But more relevant to the task of working out the theology of the Psalter than these observations is an understanding of the functionality of biblical psalms. The inspired authors composed them to help connect Israelites with their God in worship. Various aspects of worship called for different types of psalms, each of which is represented throughout the Psalter.
Complaint Psalms. There are more complaint psalms in the biblical Psalter than there are of any other type. Exhibiting either the singular or plural number, they provide the individual or the community with the vehicle to speak to God in situations of distress. They are characterized by some or all of the following components arranged in varying sequences.
Complaint psalms usually begin with an invocation of Israel's God. In the Hebrew Bible he is normally (except in the Elohistic Psalter) addressed by the name, "Yahweh, " which is rendered Lord in the English versions. The pronunciation of Yahweh's name implies that complainants are in covenant relationship with the God who has revealed himself to Israel. Attention is thus focused on the only one who can remedy their situation.
The invocation is followed by the complaint in which worshipers, often with great pathos and highly figurative language, communicate honestly the reasons for their distress. Typically, the individual speaks of being falsely accused (4:2; 5:6, 8-9; 7:1-5, 8, 14-16; 17:1-5, 8-12; 22:6-8; 26:1-12; 27:12; 35:11-12, 19-26; 38:11-12, 19-20; 52:1-4; 59:12-13; 69:4; 71:10-11; 109:2-4; 120:2-3; 140:9-11), of being threatened or attacked by foes of various sorts including sorcerers who employ curses and black magic (10:2-11; 28:3; 55:2-5, 9-15, 20-21; 58:1-5; 59:1-7; 69:9-12, 19-21; 109:2-20, 28-29; 140:1-5), of having committed sin (25:7; 38:18; 39:8; 51:1-9; 69:5; 130:3; 143:2), or of suffering due to some sort of illness or incapacity (6:2; 22:14-15, 17-18; 38:3-10, 17; 71:9; 88:3-9, 15-18; 102:3-11). In communal laments the causes of distress include the threat of attack by foreigners (83:2-8, 12), the experience of military defeat, invasion, and humiliation (44:9-16; 60:1-3, 9-11; 74:3-11; 79:1-4; 80:4-6, 8-16), and natural disasters such as drought, famine, or plague (126:4-6).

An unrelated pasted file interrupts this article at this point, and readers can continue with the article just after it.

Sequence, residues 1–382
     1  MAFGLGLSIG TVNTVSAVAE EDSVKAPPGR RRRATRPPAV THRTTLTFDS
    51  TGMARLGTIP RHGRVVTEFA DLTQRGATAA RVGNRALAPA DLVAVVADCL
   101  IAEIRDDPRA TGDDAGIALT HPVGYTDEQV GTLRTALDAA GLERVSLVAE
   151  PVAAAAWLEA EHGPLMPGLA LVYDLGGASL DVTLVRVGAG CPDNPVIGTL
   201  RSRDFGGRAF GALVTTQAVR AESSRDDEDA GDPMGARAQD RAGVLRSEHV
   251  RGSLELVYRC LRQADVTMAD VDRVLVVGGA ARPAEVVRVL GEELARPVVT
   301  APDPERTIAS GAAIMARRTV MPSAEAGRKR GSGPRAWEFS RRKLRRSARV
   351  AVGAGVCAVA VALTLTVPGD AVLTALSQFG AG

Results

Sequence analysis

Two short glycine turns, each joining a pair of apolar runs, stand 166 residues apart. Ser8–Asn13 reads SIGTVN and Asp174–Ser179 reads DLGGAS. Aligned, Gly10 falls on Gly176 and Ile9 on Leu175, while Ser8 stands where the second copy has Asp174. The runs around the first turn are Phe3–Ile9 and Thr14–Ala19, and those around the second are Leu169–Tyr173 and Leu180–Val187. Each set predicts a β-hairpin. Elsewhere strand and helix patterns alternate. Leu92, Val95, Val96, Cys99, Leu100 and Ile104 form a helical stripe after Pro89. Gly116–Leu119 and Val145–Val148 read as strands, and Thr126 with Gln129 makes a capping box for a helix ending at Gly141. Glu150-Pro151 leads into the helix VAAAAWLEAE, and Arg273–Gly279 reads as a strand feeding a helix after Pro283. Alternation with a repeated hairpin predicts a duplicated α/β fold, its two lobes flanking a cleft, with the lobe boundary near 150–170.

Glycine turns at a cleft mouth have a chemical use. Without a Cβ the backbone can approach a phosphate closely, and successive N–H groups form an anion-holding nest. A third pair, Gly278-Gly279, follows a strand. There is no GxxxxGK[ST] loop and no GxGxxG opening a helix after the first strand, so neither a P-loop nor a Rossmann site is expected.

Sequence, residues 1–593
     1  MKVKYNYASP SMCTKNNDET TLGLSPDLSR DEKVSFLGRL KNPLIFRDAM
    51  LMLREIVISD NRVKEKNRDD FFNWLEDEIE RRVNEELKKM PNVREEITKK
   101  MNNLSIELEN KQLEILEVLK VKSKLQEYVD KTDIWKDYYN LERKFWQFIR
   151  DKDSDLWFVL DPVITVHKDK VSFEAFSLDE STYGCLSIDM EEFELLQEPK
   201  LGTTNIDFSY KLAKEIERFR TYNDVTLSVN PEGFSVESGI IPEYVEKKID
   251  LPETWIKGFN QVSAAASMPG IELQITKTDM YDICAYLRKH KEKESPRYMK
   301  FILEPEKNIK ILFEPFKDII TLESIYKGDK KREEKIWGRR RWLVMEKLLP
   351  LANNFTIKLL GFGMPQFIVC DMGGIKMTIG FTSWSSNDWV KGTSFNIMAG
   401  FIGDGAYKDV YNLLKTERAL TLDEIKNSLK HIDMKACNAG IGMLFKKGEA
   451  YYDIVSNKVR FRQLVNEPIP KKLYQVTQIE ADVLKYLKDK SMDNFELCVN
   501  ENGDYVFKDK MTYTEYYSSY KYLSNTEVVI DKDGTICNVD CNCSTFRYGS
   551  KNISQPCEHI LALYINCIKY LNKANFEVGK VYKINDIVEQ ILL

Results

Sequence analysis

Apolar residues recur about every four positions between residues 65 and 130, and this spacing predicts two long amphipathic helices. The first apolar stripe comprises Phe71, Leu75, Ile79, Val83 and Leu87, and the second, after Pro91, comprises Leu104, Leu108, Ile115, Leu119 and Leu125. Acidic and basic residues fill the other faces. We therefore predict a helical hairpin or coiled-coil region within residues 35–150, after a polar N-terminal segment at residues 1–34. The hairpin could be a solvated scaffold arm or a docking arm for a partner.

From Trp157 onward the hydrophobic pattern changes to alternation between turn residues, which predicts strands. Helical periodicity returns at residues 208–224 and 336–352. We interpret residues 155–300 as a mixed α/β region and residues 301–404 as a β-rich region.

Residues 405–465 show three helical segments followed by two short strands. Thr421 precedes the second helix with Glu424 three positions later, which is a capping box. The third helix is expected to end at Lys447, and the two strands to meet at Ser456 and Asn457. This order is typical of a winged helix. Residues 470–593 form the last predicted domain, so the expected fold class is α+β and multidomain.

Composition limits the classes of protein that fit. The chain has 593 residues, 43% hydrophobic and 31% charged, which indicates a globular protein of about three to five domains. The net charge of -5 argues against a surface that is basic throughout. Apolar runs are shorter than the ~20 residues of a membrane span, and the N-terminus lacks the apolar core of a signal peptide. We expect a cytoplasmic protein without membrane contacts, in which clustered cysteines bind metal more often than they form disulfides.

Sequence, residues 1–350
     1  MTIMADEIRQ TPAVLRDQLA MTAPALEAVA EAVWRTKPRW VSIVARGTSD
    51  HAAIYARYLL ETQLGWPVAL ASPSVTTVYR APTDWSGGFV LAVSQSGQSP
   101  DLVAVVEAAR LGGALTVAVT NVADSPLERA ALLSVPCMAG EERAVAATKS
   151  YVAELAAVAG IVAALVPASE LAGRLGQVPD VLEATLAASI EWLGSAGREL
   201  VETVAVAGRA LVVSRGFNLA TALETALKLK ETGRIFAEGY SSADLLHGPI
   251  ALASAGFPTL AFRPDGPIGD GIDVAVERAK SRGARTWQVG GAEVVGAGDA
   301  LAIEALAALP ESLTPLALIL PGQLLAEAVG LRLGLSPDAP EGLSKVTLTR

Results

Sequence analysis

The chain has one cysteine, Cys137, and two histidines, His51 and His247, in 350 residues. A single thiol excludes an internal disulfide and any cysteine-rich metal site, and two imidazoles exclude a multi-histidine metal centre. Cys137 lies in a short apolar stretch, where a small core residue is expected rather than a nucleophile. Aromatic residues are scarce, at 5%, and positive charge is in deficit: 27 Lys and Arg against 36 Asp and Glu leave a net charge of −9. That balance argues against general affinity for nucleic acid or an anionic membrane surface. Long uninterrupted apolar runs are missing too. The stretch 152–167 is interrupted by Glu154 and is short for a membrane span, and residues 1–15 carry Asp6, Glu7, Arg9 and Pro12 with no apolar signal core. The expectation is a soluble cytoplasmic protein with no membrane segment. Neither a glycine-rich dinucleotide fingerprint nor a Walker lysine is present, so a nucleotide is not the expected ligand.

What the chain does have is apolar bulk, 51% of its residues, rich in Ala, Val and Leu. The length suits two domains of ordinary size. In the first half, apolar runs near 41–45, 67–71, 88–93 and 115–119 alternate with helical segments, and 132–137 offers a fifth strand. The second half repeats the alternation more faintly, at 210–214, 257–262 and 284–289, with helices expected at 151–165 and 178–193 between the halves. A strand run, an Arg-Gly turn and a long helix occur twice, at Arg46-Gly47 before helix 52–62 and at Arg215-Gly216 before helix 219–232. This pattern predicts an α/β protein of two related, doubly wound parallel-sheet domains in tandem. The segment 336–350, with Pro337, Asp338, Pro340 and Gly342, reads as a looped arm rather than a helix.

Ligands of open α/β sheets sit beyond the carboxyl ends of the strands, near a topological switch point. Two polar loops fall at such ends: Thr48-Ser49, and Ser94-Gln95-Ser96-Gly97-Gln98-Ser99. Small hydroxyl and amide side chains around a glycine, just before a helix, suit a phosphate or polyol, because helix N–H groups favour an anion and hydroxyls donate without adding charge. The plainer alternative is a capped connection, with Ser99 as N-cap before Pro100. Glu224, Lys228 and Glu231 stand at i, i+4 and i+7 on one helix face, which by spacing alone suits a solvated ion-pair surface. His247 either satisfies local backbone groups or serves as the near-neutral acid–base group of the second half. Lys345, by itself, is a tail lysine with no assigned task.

Supplicants also normally express trust in Yahweh, based on such realities as his steadfastness and dependability, his presence with worshipers, and his concern for justice and the vindication of the righteous (7:10-11; 13:5; 28:7-8; 31:14; 52:8; 56:3-4; 130:4-6; 140:7, 12). Some biblical scholars isolate a whole other psalm type, called the song of trust/confidence, to categorize a group of psalms in which this sort of expression is expanded to become the main theme (11; 16; 23; 27:1-6; 62; 91; 125; 131).